Summary and other reviews: https://www.goodreads.com/book/show/2733452-hey-hmong-girl-whassup
I’ve just finished reading this book on Thursday, 2/8. My English teacher recommended it to me because it was in the school library and my interest in reading more books about Hmong. This is a Hmong girl’s, Choua Vang, journal.
I can relate a lot with this book, as I’m sure many others do as well.
My thoughts (Beware, spoilers. And these are my thoughts, not an academic review, so there will be biases):
At first, I was really angry at Choua’s older sister Mai. How can she be so disrespectful and uncaring to her parents, especially her mother who tried to change for them? I’m a bit like Choua, on the good side instead of being a total wild child. But then as I read on and Mai changed and actually made Choua promised not to join a gang, I felt that she actually cared. And after she got out of the imprisonment the second time and found out she was pregnant, she wasn’t mad anymore, like she was before. She told Choua she was done being angry, and that’s when I feel that there’s a change in her. At that instance, I forgave her, and actually took pity on her. I believe that no matter how bad a person, if they choose to repent and acknowledge their wrong, and choose to change into a better person, they deserve that forgiveness. They deserve a second chance. 🙂 This goes for Mai.
I like reading about Choua’s love story. I’m glad that she was so honest in the journal, I wish I could have been more honest. But honestly, when I go back and read my journal entries, they are already cheesy enough. I’m sad for her that it didn’t work out with Ku, but I agree with her choice. She would most certainly find someone better, there are a million fishes in the world. Because if she went through with Ku, she might have follow after Youa, her older sister.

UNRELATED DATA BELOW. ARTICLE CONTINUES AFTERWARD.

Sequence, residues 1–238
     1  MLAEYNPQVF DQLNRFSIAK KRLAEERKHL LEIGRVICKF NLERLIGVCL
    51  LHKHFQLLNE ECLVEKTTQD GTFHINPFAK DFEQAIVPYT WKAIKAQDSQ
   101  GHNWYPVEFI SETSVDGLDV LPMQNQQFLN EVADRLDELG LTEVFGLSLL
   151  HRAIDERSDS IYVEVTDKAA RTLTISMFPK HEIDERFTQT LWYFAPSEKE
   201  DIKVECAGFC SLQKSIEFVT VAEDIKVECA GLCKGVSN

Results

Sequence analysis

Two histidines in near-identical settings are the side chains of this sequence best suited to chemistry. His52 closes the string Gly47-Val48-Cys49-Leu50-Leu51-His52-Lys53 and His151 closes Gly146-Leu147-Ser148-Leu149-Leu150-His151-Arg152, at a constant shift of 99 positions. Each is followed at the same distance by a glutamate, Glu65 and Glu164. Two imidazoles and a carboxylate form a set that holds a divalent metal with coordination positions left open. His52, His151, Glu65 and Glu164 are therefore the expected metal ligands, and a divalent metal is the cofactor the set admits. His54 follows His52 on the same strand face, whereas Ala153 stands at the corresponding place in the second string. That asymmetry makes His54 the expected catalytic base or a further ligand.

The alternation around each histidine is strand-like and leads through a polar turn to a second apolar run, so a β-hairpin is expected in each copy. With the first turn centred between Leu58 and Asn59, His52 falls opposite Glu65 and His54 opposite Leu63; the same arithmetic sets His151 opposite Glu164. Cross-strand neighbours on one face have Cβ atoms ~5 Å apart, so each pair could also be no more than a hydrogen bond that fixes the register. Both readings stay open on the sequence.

I feel like most of the people in the journal, including Choua, changed a lot. Choua went from this narrow-minded person into a more open-minded person. She was pretty mature to me, but then she got even more mature. I find it a very good thing that she went from being negative about her future to being more positive. And being friend with her enemy and trying to understand others also.
With Choua’s father, I feel bad and mad at him. I understand he wanted to hold on to the Hmong culture so bad that he forgot about the importance of family love. I will have to agree with Choua’s mother.
With this book, I got to know more about the Hmong people who arrived in America in the more early days. I also got to compare it to my situation right now.
The other day, 2/9, I talked to my father. I guessed I wanted to see his views on his children and the situation right now. My father is strict, however, not very traditional. I’m glad that he has chosen to let us become more modern, but it’s later now. However, I’m still fighting my own battles, even if it’s different from Choua.
I probably wasn’t able to record all my thoughts and feelings down, but it’s alright, I may come back to edit it. I hope anyone who read this enjoyed it. Sorry for all the grammar errors.
Have a wonderful day! 🙂